He’s not the only one to find this. In 2013, researchers associated with the Naval Health Research Center analyzed military suicide data on troops from the four branches plus Coast Guard, National Guard and Reserve members, which broke down the suicide rate by factors including whether the victim had deployed. They found that deployment and combat exposure did raise the suicide rate, but not by a lot. Troops who had never deployed had a suicide rate of 10.7 per 100,000 person-years,1 those who deployed with no combat exposure had a suicide rate of 12.8, and those who saw combat had a suicide rate of 12.4. Yes, the people who saw combat had a slightly lower rate than those who did not.
That’s not the only surprising finding: Combat specialists, the soldiers who actually shoot other people, didn’t have the highest suicide rate. Mechanical and electrical repair staff did. Nobody thinks combat is causally protective against suicide, just like nobody really thinks there’s something deeply traumatic about being a mechanic. But this data suggests that there is more contributing to military suicides than simply whether someone has fought a battle.
Patterns of suicide in the Army National Guard suggest something similar. The Guard has been pulling out this data and publishing it since only 2007, and, in the intervening years, its suicide rate has at times exceeded that of the demographic-adjusted general population, the active-duty Army and the DOD as a whole. More than 56 percent of the 294 Guard suicides from 2007 through 2010 were among people who had never deployed. The same paper also found that post-deployment stressors such as the end of a relationship, job difficulties and major life changes were predictive of suicidal thoughts — and combat wasn’t. Overall, the biggest predictors were age (25 and younger), sex (male) and race (white).
The use of guns as the means of suicide is also a major factor connecting suicide in the military with suicide in the civilian world. The primary difference is that military members who take their own lives are likelier to use a gun, and women in the military are significantly more likely to use a gun (and, relatedly, more likely to complete a suicide attempt) than civilian women.
This tracks with a popular theory of suicide that frames the act as somewhat impulsive, according to Carl Castro, an assistant professor and director of the University of Southern California’s Center for Innovation and Research on Veterans and Military Families. Suicide is impulsive not in the sense that it happens out of nowhere — people who attempt suicide have usually been planning it for a while, just like Joshua Guyse was. But the shift from plan to action is often a spur-of-the-moment decision, Castro said.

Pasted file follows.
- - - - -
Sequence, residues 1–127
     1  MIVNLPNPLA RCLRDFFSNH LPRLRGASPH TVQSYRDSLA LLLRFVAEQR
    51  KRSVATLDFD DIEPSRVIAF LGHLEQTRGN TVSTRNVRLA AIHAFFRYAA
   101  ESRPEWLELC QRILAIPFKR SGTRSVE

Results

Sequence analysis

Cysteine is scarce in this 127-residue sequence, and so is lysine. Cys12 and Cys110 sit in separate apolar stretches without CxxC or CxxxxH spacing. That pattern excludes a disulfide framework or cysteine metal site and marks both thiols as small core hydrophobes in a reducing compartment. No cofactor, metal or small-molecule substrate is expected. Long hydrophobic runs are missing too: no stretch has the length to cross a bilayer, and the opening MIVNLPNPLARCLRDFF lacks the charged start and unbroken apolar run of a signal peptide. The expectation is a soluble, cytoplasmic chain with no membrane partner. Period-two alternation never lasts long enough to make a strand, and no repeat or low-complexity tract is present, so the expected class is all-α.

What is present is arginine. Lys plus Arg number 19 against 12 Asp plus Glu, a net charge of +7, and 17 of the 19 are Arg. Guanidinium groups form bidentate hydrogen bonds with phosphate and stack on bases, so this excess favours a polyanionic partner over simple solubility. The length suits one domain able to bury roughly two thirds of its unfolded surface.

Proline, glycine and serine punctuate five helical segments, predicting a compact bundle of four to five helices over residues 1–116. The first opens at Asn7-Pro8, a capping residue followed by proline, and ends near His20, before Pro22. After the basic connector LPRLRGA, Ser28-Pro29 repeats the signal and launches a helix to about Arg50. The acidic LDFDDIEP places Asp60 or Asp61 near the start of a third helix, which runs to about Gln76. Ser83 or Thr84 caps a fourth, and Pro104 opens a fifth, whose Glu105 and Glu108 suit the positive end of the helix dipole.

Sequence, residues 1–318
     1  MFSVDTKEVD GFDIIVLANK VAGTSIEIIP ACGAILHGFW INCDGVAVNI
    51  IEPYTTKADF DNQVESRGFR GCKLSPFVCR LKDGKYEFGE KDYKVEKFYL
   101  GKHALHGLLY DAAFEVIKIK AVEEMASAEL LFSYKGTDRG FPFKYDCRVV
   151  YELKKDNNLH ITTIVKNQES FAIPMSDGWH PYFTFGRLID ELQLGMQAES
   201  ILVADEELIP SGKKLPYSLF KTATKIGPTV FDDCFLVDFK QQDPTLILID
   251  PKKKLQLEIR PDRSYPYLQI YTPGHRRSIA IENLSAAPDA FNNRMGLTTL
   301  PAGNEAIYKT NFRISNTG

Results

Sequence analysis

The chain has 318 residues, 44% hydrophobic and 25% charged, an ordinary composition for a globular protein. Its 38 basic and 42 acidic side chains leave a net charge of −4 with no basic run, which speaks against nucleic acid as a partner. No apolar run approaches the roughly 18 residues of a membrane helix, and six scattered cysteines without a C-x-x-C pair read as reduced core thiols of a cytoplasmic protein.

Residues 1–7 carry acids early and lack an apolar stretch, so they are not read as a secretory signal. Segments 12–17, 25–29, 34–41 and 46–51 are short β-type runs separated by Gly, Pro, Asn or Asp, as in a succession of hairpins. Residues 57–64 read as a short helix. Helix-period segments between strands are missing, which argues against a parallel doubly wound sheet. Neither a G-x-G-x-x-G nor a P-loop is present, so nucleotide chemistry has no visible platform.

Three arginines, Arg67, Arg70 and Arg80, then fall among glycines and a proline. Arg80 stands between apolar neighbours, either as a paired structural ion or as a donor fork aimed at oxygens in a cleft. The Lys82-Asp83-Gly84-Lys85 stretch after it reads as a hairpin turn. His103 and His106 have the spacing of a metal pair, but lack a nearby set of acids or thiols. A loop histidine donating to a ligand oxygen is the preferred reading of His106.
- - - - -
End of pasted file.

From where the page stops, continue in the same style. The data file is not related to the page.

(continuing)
When they decide to act, suicidal people reach for tools that are familiar, comfortable and easy to access. For instance, a study that looked at military suicides in basic training from 1977 through 2001 found that recruits tended to choose methods that matched their skills and experiences — Army recruits used their military-issued M16 rifles, while Navy and Air Force recruits (who had less access to weapons) tended to die by hanging and falling/jumping, respectively. Marines died by all three methods.
In this theory, more military women kill themselves with guns because military women are more comfortable and familiar with guns than civilian women tend to be. Likewise, military members, as a whole, die by suicide by firearm at a higher rate than civilians not because their work requires them to have guns — most soldiers don’t take their military-issued weapons home, the guns used in military suicides aren’t usually military-issued, and most military suicides happen in settings that aren’t specifically military — but because people who join the military tend to be people who like firearms, are comfortable with them, and own some for personal use.
Joshua Guyse’s suicide plan in Minnesota did not involve a firearm. He’s not really sure why. It probably had a lot to do with the fact that, at the time, his personal guns were in his brother’s safe, back in California. That’s exactly the kind of thing public health experts wish more suicidal people would do with their personal firearms — temporarily turn them over to a trusted friend or family member, the same way you’d turn the keys over to your designated driver after a night at the bar.